Leading Article: Trident remains a necessity

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The Independent Online
THE LIKELIHOOD of a nuclear weapon being fired in anger is probably greater now than it was five years ago. The vast nuclear confrontation of the Cold War was held under tight technical and political control by reasonably rational people on both sides. There were moments of danger, notably the Cuban missile crisis in 1962, and always the possibility of an accident, but through most of that period, neither side came near reaching for the button to initiate an attack.

Although Britons can now sleep reasonably soundly in the knowledge that there is no enemy visibly lining up this island in nuclear sights, sleep becomes less easy if one looks around the world. The former Soviet Union has huge quantities of nuclear weapons under wobbly control. China and Israel are similarly armed. India and Pakistan are close to the threshold or over it. North Korea and Iran may not be far off. Iraq would probably be there by now if it had not lost the Gulf war. Others are doubtless on their way.

In these circumstances it is reasonable to be somewhat confused about the value of Britain's Trident system, but not as confused as the Labour Party appeared when it debated the subject yesterday. If the vote went against Trident, as we shall know today, it will be only a mild setback for John Smith and will not affect the policies of any future Labour government. Nor will it lose the party as many votes as in the past. But it will accurately reflect the continuing strength of aETHER write errornti-nuclear sentiment in the party.

During the Cold War the unilateralists were driven largely by moral considerations, backed sometimes by unreal hope that they might inspire others to follow their example. The multilateralists, mostly trying to conceal a genuine belief in nuclear weapons, claimed to believe they could bargain away the British deterrent in return for reductions by other nuclear powers.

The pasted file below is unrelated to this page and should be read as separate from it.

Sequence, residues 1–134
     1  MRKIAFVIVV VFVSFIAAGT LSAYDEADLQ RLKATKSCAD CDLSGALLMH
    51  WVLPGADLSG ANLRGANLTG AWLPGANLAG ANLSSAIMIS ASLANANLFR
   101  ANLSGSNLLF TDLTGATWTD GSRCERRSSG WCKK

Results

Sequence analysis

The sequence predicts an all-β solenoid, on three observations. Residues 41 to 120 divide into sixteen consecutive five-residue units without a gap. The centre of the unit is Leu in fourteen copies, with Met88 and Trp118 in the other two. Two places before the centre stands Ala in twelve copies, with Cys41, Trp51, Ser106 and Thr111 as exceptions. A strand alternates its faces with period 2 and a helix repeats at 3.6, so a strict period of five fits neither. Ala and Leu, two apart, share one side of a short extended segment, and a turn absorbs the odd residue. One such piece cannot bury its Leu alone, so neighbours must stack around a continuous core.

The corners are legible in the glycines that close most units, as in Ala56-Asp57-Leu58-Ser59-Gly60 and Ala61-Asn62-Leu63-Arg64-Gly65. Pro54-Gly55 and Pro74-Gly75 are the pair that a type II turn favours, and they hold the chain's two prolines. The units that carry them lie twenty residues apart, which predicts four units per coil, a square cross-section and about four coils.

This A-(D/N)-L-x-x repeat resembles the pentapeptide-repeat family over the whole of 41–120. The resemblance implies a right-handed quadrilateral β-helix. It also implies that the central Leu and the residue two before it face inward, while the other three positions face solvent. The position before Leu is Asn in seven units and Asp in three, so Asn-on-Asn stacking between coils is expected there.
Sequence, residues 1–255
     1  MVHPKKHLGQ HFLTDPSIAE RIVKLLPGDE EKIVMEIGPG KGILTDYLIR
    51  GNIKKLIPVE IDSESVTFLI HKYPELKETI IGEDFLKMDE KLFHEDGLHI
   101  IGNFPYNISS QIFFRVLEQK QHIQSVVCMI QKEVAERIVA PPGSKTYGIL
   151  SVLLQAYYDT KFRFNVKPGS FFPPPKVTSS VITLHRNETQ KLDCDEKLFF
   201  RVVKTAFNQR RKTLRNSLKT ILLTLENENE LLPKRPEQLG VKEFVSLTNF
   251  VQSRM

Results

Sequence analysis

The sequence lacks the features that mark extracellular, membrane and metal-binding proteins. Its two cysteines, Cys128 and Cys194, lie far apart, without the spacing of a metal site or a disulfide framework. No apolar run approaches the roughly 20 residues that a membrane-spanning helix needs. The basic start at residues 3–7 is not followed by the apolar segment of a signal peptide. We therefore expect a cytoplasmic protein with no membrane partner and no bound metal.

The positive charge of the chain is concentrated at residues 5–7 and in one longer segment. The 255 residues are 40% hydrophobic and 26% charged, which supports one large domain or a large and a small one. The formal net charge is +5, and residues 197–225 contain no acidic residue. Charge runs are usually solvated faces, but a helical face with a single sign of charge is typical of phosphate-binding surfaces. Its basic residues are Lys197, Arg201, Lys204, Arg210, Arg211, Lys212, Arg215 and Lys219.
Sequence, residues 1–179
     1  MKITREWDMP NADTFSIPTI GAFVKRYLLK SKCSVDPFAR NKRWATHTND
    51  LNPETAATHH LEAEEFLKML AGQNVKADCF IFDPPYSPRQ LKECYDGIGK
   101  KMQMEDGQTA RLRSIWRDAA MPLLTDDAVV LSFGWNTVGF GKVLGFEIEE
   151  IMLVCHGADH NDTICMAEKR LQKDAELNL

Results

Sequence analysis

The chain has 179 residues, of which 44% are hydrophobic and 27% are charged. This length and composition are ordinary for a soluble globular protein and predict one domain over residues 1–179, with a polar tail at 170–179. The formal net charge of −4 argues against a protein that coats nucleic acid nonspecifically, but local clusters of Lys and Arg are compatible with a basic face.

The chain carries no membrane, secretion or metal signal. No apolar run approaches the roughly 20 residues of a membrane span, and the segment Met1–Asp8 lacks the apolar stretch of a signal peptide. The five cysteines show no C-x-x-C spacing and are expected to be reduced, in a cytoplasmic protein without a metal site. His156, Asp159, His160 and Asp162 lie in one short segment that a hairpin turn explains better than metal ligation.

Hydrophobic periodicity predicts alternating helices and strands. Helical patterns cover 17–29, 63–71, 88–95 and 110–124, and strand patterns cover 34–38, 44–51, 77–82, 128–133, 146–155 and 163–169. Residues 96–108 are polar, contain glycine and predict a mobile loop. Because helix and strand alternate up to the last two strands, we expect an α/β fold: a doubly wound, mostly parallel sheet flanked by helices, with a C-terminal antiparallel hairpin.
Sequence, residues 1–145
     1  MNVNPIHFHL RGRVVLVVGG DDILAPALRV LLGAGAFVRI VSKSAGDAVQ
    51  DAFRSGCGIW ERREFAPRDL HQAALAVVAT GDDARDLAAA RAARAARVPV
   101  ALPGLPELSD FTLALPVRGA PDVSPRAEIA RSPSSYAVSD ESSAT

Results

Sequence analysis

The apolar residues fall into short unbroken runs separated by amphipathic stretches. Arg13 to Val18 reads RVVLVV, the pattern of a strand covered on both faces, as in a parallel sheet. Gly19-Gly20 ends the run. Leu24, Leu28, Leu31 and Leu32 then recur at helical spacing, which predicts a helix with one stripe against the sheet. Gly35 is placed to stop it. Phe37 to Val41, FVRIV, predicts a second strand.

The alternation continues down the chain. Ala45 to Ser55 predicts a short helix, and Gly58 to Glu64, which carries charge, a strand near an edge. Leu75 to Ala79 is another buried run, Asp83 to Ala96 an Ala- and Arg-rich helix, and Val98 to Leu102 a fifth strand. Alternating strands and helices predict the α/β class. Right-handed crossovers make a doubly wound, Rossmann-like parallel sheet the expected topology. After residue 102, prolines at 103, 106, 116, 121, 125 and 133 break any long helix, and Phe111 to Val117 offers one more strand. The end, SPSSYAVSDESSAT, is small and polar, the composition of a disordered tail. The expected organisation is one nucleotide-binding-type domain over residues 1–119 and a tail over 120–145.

The moral reasons remain strong, constant and deserving of sympathy; the power of example never existed and still does not; the hope of bargaining Britain's deterrent for multilateral reductions must be even weaker now than it was. If the American and Russian arsenals are eventually negotiated to well below the 3,500 warheads envisaged for the year 2003, Britain's 500 or so warheads might become relevant, but that is a long way off. Meanwhile, there will be Third World nuclear powers going their own way.

The main reasons for not scrapping Trident now are that it is largely paid for, so little money would be saved, and that we do not know what sort of world we are going to be living in over the next 20 years. Russia may once again become a hostile nuclear power. The American commitment to Europe is not guaranteed. Nor is France's. Third World countries may need to be deterred, even, perhaps, from firing missiles in this direction.

The rational answer would be to join nuclear forces with France, but French rationality does not extend that far. So Britain would be foolish, entering a period of such uncertainties, to abandon a weapons system that is now relatively cheap.

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